I have been taking our children to some kind of class or activity for eight years now. I am a competitive person, so it takes *a lot* of restraint and intentional letting-go for me to accept that our children may not be the best in that setting.
I had to realize, accept and internalize early on in this journey called “parenting” that how well our children did or did not do/perform in their current activity (or compared to their peers) was not a reflection on me or my parenting. It was a reflection of who and where they are *right now*, and my role as their North Star is to simply guide them.
I learned to ask questions like, “What did you learn? What did you enjoy? What was hard? What do you think about that?” I had to learn these questions because my natural inclination is to want to correct, teach, and ensure that they would do better next time.
I had to learn to shut off that inclination and realize that is the way I am, not the way our children are. They are sponges – experiencing, learning, and growing. I realized over time that it was slightly ridiculous and unrealistic to expect a child with little to no training to easily succeed at the activity. If they wanted to improve, then we would be available to help. If they are just in it for the fun and they are having fun…encourage them anyway.
There are things that have been hard along the way. As a former dancer who worked hard to improve, and who loved the technicalities as well as the expression of the art form, it has been hard not to be too hard on our children, all of whom are dancing.
I expect pointed toes, sharp spotting, expression from the top of the head through the finger tips and (pointed) toes, and joy!! I had to learn to calm down: I was projecting my grown up abilities and expectations on CHILDREN!!! Hello, lightbulb moment!
I had to learn to laugh when one of our kiddos went off-stage the wrong way 5 out of 6 performances. I didn’t yell at him, because it wasn’t a big deal. If the dance director didn’t say anything, why should I? As long as he is projecting joy on stage, he is doing his job as a performer.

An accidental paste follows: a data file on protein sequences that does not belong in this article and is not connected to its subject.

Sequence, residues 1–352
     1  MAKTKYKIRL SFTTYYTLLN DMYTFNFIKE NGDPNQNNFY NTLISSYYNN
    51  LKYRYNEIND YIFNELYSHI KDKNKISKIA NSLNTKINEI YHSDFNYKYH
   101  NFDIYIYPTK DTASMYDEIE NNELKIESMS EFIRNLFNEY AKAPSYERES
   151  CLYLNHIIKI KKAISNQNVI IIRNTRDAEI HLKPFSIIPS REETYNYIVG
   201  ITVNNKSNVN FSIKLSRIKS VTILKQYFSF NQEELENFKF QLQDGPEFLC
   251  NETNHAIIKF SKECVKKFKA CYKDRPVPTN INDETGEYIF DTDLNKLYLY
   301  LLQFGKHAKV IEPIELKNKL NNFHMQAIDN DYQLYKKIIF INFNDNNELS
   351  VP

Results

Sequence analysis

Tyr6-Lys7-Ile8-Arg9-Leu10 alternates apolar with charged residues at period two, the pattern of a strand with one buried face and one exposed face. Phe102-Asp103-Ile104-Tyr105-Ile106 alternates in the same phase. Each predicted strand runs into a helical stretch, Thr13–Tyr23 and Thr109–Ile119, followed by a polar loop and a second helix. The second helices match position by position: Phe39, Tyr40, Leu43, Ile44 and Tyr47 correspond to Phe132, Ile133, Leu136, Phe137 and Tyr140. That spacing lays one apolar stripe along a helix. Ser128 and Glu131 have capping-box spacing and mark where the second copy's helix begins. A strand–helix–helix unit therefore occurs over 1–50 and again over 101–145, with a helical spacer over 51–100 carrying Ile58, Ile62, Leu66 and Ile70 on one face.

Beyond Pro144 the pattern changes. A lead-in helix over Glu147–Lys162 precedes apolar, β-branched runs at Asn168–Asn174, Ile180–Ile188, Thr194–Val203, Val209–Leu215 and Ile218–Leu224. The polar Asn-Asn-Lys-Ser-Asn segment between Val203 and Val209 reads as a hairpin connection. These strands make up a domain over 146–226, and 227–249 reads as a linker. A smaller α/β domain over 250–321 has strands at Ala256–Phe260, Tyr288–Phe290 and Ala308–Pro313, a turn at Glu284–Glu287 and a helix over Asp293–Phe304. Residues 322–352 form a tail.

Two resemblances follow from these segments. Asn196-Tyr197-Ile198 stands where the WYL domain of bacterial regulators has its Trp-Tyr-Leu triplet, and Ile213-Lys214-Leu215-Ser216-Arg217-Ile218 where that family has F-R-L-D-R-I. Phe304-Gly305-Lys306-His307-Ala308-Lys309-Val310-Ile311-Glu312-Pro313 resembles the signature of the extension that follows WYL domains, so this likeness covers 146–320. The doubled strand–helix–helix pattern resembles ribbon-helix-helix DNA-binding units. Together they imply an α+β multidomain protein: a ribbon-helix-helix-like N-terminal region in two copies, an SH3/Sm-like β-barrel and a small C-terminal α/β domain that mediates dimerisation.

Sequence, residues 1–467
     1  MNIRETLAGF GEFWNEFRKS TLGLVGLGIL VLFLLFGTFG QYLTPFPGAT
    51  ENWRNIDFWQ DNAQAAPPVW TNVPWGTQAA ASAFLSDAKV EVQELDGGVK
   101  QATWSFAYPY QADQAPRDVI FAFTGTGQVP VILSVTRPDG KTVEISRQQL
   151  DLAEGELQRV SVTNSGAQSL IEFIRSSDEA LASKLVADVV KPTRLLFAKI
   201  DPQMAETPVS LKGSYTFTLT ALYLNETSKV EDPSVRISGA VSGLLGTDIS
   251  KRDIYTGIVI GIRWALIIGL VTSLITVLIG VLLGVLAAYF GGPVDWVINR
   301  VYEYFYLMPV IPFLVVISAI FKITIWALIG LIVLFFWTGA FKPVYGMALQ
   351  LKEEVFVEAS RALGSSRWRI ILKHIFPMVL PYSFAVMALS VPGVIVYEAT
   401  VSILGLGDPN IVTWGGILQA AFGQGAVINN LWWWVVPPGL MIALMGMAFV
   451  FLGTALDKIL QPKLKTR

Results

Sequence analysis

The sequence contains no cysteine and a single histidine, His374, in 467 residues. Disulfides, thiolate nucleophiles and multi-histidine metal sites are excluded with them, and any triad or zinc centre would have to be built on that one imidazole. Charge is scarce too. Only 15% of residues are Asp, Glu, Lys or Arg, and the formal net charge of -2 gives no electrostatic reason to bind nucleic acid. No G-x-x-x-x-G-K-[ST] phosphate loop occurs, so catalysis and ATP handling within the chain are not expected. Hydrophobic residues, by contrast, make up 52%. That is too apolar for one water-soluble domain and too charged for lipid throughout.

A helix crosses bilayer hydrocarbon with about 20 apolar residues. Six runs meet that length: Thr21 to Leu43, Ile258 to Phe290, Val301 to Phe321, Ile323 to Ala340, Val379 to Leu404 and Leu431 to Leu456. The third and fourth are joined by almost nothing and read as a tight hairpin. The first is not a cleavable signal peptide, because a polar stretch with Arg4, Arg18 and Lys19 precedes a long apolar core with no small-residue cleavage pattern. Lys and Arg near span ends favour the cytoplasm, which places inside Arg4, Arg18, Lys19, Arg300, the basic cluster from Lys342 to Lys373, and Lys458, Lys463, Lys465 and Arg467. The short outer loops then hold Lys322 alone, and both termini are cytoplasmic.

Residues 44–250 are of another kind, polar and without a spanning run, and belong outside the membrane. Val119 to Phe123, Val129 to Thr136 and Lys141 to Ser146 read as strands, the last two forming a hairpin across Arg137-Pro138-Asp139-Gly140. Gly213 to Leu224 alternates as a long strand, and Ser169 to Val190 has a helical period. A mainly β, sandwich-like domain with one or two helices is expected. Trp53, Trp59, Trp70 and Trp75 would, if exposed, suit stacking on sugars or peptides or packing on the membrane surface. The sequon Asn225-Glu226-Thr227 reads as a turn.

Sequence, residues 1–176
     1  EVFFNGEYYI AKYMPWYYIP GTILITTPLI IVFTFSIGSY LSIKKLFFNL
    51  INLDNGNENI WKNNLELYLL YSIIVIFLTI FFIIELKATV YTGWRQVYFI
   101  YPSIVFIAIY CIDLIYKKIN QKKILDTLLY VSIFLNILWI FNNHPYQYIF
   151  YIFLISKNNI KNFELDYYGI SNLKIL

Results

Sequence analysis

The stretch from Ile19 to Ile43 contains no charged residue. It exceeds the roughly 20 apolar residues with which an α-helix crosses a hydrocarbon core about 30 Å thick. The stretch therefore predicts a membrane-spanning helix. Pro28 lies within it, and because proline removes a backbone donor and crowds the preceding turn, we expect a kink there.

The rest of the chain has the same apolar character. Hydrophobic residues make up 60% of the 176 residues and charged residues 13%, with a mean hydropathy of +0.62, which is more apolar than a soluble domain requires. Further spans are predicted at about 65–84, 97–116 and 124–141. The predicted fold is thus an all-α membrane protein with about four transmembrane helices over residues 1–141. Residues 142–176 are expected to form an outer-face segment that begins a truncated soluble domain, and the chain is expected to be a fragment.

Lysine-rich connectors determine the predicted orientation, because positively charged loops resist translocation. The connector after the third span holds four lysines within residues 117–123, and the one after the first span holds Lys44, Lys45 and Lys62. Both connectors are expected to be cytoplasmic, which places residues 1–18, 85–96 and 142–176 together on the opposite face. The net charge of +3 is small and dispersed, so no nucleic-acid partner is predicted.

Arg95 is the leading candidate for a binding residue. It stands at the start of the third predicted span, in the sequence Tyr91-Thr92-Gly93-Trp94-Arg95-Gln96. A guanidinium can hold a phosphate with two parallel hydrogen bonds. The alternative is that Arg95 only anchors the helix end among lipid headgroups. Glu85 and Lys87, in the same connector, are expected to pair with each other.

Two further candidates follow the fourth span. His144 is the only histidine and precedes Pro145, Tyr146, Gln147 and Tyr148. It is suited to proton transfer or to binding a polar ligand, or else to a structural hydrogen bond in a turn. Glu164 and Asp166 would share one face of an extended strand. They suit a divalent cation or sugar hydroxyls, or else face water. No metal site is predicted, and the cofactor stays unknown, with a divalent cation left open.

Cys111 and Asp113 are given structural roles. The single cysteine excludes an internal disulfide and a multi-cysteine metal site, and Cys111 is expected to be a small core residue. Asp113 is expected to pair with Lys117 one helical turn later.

I had to learn to shut off my critic when our oldest delved into the world of solo competition last year. She has teachers who she respects that are willing to guide and coach her. My role as her mother is to love her, support her by driving her to extra practices, and encourage her to listen to her teachers. My biggest job: to teach her to enjoy the journey. At the end of the day, the journey is about much more than winning or losing. What does she want to improve? What did she learn? What did she enjoy? What was the highlight of the event? What does she want to remember forever and tell her own children about?
It has been hard to watch Puma get passed over for several years. I kept hearing one of her teachers tell me that she was always tired and lethargic in class. Shame on me for not connecting the dots. It was no surprise that once the ulcerative colitis was under control, she started eating more, and hence having the energy to not just keep up, but start to excel in her classes.
I can’t say for sure that is the reason why she started to get noticed. I do know for sure that she is starting to care about what her dancing looks like. Whatever it is, she is putting more effort into dancing.
So all those years of marking time, and driving her to dance class, and tuition at the dance studio is starting to show. She is little by little moving up. Little by little she is being selected for performance numbers. I have to try not to get to excited, because that’s counterproductive to my efforts to not get invested for my own edification. If she has any talent, that is God’s gift to her. If she is succeeding, that is a direct result of her own hard work and effort in her classes. It is not about me.